capturing pictures or videos of one or more surfers;
uploading the pictures or videos to a host computer;
creating at least one collage from the pictures or videos;
showing a user's surfing equipment; and
trading or selling the user's surfing equipment with other users in the network.
19. The process of claim 19, comprising capturing 3D surfing experience and displaying the experience for a viewer as a 3D image or 3D video.
20. A system for communicating surfing experience, comprising:
a camera mounted on a surf-board to capture one or more pictures or videos of one or more surfers;
a remote host computer to receive the pictures or videos and to support creation of at least one collage from the pictures or videos, wherein items in the collage are variably sized based on one or more predetermined factors, wherein the remote host computer shares the collage in a social network; and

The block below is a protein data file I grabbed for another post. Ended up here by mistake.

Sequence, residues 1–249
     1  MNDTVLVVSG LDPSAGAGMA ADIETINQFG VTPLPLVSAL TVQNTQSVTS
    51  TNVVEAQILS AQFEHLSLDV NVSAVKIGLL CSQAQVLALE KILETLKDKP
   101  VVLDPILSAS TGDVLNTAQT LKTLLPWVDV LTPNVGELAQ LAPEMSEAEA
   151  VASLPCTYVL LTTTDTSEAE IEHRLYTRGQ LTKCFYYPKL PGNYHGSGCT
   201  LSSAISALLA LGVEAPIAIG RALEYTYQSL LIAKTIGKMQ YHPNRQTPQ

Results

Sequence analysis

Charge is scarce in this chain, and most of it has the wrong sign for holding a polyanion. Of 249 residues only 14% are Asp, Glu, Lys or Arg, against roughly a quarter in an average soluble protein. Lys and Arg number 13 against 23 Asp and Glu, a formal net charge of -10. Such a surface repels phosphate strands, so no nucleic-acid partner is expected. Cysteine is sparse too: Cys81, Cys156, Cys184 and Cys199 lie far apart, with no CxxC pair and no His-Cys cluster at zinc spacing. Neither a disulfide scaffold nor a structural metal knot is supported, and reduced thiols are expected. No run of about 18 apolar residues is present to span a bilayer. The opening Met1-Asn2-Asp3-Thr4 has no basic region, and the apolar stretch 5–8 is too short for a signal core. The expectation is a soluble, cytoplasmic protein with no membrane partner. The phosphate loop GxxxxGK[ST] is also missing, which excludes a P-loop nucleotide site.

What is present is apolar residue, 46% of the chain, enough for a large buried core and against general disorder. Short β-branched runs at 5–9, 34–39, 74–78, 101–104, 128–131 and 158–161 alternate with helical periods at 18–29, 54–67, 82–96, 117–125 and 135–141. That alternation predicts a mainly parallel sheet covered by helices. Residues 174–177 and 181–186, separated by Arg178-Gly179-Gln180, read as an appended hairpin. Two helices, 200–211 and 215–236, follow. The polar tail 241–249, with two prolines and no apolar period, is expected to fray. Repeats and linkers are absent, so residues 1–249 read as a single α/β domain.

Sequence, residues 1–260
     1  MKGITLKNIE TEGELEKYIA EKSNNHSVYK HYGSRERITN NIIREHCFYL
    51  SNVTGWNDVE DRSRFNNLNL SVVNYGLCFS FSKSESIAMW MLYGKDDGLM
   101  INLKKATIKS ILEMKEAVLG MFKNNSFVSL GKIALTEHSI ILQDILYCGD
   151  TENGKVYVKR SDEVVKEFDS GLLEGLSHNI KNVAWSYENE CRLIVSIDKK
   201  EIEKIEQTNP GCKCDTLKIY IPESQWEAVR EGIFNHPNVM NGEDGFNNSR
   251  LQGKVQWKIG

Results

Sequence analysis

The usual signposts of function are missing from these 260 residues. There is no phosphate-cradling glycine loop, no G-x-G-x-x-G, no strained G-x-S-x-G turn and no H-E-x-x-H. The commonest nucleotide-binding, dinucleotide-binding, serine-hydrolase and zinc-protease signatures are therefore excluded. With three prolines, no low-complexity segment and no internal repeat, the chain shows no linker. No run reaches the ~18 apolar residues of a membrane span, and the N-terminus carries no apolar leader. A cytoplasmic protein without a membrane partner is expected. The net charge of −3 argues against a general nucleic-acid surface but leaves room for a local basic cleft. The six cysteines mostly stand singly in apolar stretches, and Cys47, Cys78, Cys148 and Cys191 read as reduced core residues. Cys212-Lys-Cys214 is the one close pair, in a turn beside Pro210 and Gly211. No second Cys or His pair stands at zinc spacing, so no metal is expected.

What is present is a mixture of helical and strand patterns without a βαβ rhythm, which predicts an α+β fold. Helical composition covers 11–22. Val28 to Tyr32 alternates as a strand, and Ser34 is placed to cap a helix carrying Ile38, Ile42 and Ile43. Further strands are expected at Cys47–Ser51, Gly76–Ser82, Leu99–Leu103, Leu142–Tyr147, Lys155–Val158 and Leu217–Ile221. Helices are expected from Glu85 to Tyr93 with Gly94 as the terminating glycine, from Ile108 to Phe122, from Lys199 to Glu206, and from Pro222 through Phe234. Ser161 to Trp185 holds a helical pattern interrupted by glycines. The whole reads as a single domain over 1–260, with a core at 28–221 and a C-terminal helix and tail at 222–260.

a transceiver coupled to the camera to transmit the one or more videos or pictures to the remote host computer.
21. The system of claim 20, comprising a dotted line to identify the collage, wherein the dotted line includes a scrolling button, a “More” button at the end of the dotted line to expand the collage and view more collage content, and a timeline.
22. The system of claim 20, comprising an e-commerce module to charge customers for viewing video.
US13/839,294 2013-03-15 2013-03-15 Social networking for surfers Abandoned US20140280555A1 (en)